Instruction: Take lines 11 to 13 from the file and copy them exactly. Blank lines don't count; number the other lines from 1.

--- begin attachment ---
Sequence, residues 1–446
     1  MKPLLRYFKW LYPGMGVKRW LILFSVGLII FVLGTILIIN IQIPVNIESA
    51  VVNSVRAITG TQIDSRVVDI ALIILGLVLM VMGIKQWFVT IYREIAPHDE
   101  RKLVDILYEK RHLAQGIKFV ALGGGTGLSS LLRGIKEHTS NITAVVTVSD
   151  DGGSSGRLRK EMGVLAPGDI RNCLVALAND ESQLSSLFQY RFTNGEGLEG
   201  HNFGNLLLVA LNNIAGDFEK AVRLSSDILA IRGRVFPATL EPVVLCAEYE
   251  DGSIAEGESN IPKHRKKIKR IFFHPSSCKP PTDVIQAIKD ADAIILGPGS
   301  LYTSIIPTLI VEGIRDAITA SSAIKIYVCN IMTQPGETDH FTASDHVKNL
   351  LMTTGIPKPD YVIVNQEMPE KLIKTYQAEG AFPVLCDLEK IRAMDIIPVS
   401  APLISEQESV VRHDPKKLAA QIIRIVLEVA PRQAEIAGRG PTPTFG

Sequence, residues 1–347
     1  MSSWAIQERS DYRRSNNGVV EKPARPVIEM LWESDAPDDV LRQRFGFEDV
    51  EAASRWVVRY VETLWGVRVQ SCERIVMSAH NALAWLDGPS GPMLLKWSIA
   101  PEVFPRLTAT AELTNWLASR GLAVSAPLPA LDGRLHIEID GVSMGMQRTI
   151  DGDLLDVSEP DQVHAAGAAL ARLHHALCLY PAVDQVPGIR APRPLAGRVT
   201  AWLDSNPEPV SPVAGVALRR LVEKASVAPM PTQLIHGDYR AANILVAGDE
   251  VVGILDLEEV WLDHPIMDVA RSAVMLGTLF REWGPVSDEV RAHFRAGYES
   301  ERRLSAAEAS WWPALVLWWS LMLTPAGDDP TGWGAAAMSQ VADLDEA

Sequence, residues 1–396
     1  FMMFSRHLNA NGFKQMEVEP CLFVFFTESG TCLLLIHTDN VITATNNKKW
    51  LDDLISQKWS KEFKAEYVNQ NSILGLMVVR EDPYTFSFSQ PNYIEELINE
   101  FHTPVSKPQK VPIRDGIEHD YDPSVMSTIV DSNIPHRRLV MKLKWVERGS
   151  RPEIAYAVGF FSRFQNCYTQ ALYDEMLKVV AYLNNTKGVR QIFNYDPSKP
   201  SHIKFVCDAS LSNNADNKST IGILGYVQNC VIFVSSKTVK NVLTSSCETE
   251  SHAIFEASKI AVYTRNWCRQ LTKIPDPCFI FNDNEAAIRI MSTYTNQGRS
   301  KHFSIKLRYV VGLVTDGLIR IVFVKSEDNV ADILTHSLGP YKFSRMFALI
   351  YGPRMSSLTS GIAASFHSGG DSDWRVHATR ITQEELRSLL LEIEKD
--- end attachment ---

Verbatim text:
Sequence, residues 1–347
     1  MSSWAIQERS DYRRSNNGVV EKPARPVIEM LWESDAPDDV LRQRFGFEDV
    51  EAASRWVVRY VETLWGVRVQ SCERIVMSAH NALAWLDGPS GPMLLKWSIA